Robert Telles, Accused of Murdering Jeff German in Las Vegas, Appears in Court with Eerie Face

Disgraced Las Vegas politician Robert Telles was seen smiling in court on Tuesday as prosecutors officially charged him with “lying in wait” outside Jeff German’s home before he stabbed the investigative journalist at least seven times.

Telles, 45, has been charged with open murder with the use of a deadly weapon for the Sept. 2 killing of German outside of his Las Vegas home. In a criminal complaint filed in Clark County Monday, prosecutors alleged that Telles was “willful, deliberate and premeditated” as he targeted the 69-year-old. German had written several articles about Telles’ alleged misconduct as county public administrator, a post for which he had recently lost a bid for re-election.

The public official, who is still technically being paid for his role before his tenure is up in December, was seen standing at the doorway of a Clark County courtroom for his arraignment on Tuesday, smiling with bandages wrapped around his forearms. During the brief hearing, Telles’ lawyers asked for a continuance—meaning he will be back in court next Tuesday.

Telles is currently being held without bond in Clark County Jail and faces a sentence of life in prison. Clark County District Attorney Steve Wolfson told reporters outside the courtroom that prosecutors plan to ask for a “very high” bail and that Telles “poses a flight risk and danger to the community.”

Criminal defense attorney Ozzie Fumo, who was asked to help authorities coax Telles out of his home on Wednesday to surrender, told The Daily Beast that he went to go see Telles in jail on Saturday.

“He was still on suicide watch,” Fumo said via text message on Monday. “I only spent a few minutes with him. I confirmed with him that he gave Las Vegas Metropolitan Police Department my name to contact me. I explained to him that I would be unable to represent him his case.”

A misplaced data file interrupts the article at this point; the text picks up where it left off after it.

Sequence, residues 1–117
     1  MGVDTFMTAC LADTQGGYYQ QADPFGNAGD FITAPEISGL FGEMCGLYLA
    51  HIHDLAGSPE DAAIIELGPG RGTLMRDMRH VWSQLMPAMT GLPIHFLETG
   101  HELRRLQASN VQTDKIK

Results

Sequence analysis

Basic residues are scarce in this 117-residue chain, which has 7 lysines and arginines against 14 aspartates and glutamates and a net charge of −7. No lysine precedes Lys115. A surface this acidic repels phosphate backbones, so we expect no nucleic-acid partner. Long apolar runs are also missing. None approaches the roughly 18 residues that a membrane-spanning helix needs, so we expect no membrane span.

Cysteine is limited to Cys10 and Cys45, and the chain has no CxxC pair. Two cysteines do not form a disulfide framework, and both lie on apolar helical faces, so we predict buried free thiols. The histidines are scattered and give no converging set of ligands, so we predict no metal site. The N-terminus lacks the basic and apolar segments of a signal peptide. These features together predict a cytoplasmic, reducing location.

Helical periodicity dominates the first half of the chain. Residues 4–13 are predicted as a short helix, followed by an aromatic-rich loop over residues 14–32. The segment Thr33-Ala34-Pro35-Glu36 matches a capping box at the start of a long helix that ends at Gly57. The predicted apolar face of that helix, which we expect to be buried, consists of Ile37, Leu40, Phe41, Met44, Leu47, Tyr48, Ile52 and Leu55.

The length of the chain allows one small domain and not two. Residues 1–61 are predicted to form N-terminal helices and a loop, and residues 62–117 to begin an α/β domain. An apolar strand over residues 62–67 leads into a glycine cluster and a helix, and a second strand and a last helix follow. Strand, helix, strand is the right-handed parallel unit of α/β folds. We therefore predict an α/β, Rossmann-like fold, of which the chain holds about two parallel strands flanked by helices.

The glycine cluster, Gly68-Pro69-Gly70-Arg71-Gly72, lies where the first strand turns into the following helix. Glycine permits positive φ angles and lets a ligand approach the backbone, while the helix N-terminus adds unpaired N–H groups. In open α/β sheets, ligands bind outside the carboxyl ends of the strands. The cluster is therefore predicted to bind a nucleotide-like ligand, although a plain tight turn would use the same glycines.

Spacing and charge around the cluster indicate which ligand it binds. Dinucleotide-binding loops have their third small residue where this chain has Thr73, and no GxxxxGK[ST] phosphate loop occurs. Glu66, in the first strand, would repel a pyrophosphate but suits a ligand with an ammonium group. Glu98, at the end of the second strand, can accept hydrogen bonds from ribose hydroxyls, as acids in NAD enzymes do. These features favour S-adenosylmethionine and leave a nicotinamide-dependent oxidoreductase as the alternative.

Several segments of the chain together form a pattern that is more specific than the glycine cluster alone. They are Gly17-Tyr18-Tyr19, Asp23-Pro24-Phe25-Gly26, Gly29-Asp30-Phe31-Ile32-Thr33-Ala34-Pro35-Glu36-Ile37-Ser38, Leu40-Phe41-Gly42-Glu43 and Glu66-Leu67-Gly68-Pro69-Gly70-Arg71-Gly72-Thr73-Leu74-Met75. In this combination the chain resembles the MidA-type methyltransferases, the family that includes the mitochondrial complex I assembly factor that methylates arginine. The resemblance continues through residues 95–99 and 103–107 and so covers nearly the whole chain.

Telles’ defense attorney, Travis Shetler, could not be reached for comment.

While prosecutors are still sketching out a complete motive, Chief Deputy District Attorney Richard Scow linked German’s reporting on Telles to the killing during a hearing last week.

“The published articles regarding a public figure, the public administrator’s office, ruined [Telles’] political career, likely his marriage, and this was him lashing out at the cause,” Scow said.

Las Vegas Metro Police Department Captain Dori Koren added last week that “Telles was upset about articles that were being written by German as an investigative journalist that exposed potential wrongdoing, and Telles had publicly expressed his issues with that reporting.” “And then ultimately Telles was also upset—from what we found out later—that there was additional reporting that was pending,” Koren said.

The sordid saga that sent shockwaves throughout Las Vegas and the journalistic community began around 11:18 am on Sept. 2. The complaint states surveillance footage shows a suspect in a straw hat and reflecting shirt entering German’s pedestrian gate. Minutes later, German’s garage door opens and he is seen walking out.

“German approached the pedestrian gate and was immediately attacked,” an arrest report for Telles states. “German fell to the ground and never got back up.”

The report adds that “the suspect stood up and calmly walked east, away from [German’s] residence.” Authorities believe that Telles was wearing a disguise “to conceal his identity and avoid involvement in the murder.”

A medical examiner concluded that German sustained seven stab wounds and had defense marks on his arms and hands. The arrest report also notes that Telles’ DNA was found under the journalists’ fingernails.

One neighbor, Jay Sabs, previously told The Daily Beast that his home-security camera captured the man police identified as Telles pacing back and forth outside of his home around the time of the murder at the northwest corner of Bronze Circle and Wintergreen Drive. Sabs added that the footage showed a maroon Yukon—which authorities eventually linked to Telles—passing his house. A man is also seen on the footage pacing for about 10 to 15 minutes.

The arrest report states that when cops spoke to Telles’ wife, she said that on the day of the incident, she couldn’t get a hold of him on his cell phone.

Telles was questioned by police last Wednesday, voluntarily turning over clothing to investigators. Wolfson told reporters that after the conversation, investigators “rushed” a test on his DNA.

Telles was arrested that night after an hours-long standoff during which he barricaded himself in his home and police called Fumo to help coax their man to surrender. Telles suffered “self-inflicted wounds” during the incident and was briefly treated at a local hospital.

If you or a loved one are struggling with suicidal thoughts, please reach out to the National Suicide Prevention Lifeline at 1-800-273-TALK (8255), or contact the Crisis Text Line by texting TALK to 741741. You can also text or dial 988.


Leave a Comment